Wisconsin Economic Outlook
The national housing market has stabilized, but remains fragile; Wisconsin inches toward a tentative recover, says Stephen Malpezzi in the January 2011 Wisconsin Real Estate Magazine.
The National Bureau of Economic Research declared the “great recession” had ended in June of 2009. During the first three quarters of 2010, real GDP grew a modest 2.5% per year.
National Association of Realtors data on house prices peaked in 2005 at about $250,000, saw some of the steepest declines in 2008, and began to stabilize in 2009. House prices are now roughly in line with income, interest rates, and rents.
How’s Wisconsin doing?
Wisconsin’s economy and housing market recovery continues. Our unemployment rate statewide is 7.8%, 2 points below the national average. Wisconsin housing has also outperformed national averages in most of the state. Some of the smaller metropolitan areas like Eau Claire and Green Bay have seen less of a boom and bust cycle than the rest of the country.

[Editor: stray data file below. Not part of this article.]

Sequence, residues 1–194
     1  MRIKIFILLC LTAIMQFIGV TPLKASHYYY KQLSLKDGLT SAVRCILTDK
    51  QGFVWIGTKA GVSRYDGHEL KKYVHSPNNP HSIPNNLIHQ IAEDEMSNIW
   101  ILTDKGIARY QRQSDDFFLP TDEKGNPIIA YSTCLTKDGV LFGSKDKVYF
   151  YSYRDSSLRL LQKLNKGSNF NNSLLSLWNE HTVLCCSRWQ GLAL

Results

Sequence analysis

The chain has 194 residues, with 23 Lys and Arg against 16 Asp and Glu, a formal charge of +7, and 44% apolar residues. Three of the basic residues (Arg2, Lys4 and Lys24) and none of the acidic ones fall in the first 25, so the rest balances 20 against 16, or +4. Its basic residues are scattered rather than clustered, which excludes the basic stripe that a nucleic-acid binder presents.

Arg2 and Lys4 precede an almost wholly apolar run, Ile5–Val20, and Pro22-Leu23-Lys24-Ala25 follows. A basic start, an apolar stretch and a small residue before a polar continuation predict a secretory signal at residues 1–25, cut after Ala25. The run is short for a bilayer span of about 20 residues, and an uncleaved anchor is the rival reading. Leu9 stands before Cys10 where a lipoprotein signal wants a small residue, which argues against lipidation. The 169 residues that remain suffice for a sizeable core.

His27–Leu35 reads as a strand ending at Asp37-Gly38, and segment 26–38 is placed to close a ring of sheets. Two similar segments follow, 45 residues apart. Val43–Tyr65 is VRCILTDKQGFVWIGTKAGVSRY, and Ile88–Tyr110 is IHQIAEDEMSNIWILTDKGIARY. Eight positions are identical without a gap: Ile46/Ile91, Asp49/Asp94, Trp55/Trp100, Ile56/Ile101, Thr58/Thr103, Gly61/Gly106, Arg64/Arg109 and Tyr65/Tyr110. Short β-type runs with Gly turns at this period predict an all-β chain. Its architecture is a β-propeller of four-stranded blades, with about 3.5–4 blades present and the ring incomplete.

Interest rates remain low, even though long-term rates are beginning to creep up a bit. It’s the Fed’s plan to keep rates, short and long, low for the foreseeable future.
Housing prices in Wisconsin have stopped their decline and appear to have stabilized. GDP is growing and employment growth will strengthen with any luck.